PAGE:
Jo Aylward, East Kent
Last weekend I spent a relaxing few hours making a dead hedge at the bottom of the garden where I am trying to create a small woodland/wild area with habitat and food for wildlife in mind. The idea came from the gardener Alys Fowler who has recently posted a video of the one in her garden, which she describes as an excellent habitat for bees, slow worms, frogs and most likely mice. I thought I would share how to make this simple structure as it utilises the sort of green waste that could be difficult to dispose of during a lockdown.
The idea is to make a simple enclosure against an existing fence or boundary. You will need some larger prunings for the upright stakes, we used hawthorn from a recently pruned tree and sharpened the ends with a knife so they would go into the ground more easily. Once you have created the enclosure with the upright sticks you use thinner ones to weave through the uprights to form a loose three sided hurdle. You can then start filling it with woody garden waste which will break down very slowly and provide valuable habitat in the meantime.
It still feels strange to have time for projects like this. With the flower and vegetable beds in unusually good order I am finding time for the sort of jobs I usually only daydream about doing. I also feel able to do a morning inspection of the garden, water seeds and tend potted plants and take in the activity of birds and insects on a daily basis. I am aware that my family and I are able to pass these days peacefully and in comfort and I don't know if I have ever felt so fortunate and thankful for my health and the place where we live.
From Rural New York
Sandy Connors, USA
This morning on NPR I heard an interview with a couple who were just delivered of their first child, a baby girl named Lulu. The mother had a successful c-section but an hour or so afterwards came down with a very high fever and tested positive for the Coronavirus, while baby Lulu and father were negative. Now Mother is isolated on the top floor of their home, recovering from the surgery and the virus, while the new father is caring for the baby, feeding her with her mother’s breast milk, and carefully bringing food up to his wife which kind neighbors and friends have been bringing to the family. Praise for the father who has surprised himself and it seems his wife, who is bonding with little Lulu and doing a fine job of it single handedly while poor mother is understandably feeling left-out, but grateful that they are all home and managing very well without her and she expressed the worry that her daughter won’t need her as she now does her father. Of course, this is a temporary situation and mother and daughter will reunite and hopefully have a lifetime to bond.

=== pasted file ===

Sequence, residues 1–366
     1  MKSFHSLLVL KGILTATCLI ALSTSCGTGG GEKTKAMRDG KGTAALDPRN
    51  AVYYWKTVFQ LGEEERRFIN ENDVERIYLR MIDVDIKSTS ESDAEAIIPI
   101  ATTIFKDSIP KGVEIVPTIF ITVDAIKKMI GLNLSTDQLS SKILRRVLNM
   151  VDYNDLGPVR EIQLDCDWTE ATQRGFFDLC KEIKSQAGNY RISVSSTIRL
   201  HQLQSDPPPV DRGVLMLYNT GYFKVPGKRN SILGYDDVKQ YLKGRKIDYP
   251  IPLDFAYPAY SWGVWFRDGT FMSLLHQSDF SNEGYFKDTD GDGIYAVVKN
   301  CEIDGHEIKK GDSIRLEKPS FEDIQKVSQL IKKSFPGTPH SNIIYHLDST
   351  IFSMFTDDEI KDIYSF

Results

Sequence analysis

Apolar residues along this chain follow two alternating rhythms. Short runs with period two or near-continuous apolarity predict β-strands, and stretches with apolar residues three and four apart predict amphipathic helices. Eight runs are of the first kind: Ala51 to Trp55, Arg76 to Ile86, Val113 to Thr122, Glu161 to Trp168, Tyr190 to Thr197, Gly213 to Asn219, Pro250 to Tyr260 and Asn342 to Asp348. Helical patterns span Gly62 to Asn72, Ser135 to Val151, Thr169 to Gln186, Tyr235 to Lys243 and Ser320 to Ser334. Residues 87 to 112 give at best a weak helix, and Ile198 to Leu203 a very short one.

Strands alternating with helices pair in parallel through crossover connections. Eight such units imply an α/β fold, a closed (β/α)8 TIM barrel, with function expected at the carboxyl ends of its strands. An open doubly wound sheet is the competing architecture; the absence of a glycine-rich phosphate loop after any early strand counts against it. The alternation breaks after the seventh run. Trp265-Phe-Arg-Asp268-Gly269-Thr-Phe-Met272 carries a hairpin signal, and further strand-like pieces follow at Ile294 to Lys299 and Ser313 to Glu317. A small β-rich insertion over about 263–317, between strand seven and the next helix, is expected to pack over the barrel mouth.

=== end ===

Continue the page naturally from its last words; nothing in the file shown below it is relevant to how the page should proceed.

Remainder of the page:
And I thought of the nurse who was mentioned yesterday by a few of our contributors, who does not have a lifetime to look forward to with her newly delivered baby. And of all the stories going on all over the world of mothers and fathers and their children, grown or still young, whose lives are forever changed or taken during this pandemic and I think of my own children ~ my daughter gone almost 25 years ago, and a son, certainly a grown man, but who still reminds me how much I am needed. Now in my seventies, I feel the weight of such losses we who are left behind carry with us and when our time comes, grateful to put down.
On another note, I send David H my thanks for that marvelous website Once Upon a Quarantine.com ~ I have watched and listened to almost all of them ~ just brilliant! And what a wonderful portrayal he did with the Poe story, standing in front of his phone balanced just so ~ so completely did I believe his terror!
Hello from Eastbourne
The den, by Franklin Lewis Macrae
The weather has been good this week and so instead of doing maths first thing, my mum has swapped the day around. We are heading out in morning if it is sunny. Mum said it's quieter then too so it's safer. Me and my sister have discovered a secret den in the park that no-one knows about. We have have covered the opening with leaves and twigs so no-one can see in. We cleared the ground of undergrowth so that we could sit down comfortably. We plan to take some logs from our log shed and put them in the den and use them as stools to sit on. There is even an old staircase that was completely hidden by undergrowth. I have started to clear it. Once at home we found an old box that we are covering with leaves to camouflage it then we will hide it up a tree. We will fill the box to the brim with sweets and choc! We are going back later tonight with our dad after we have finished our afternoon lessons and he has finished work but this time we will take our head torches.
Baking kit for the mice, by Marli Rose Macrae
Today I found it hard to get out of bed as I was so tired but in the end, I did. Mummy is taking us out early if the weather is nice. We have been stopping at Waitrose to buy croissants on the way to the park. We found a little hole in the bushes and we crawled through it and at the other side, we discovered lots of twisty, secret paths. We have been chomping our croissants in here. The paths are covered in twigs and leaves, no-one has used them in a long time. It's a bit like the Secret Garden. We have made it into a den. There was an ancient staircase but the stairs are rather dangerous, they are crumbling. Franklin set about fixing them by clearing some of the rubble. The paths are so twisty with such steep slopes that you must hold onto the branches to stop yourself from falling. When we returned home we started to camouflage an old cardboard box. We are going to fill it with sweets and hide it there. Franklin wants to put fizzy Haribo in it and go there with his best friend when things reopen.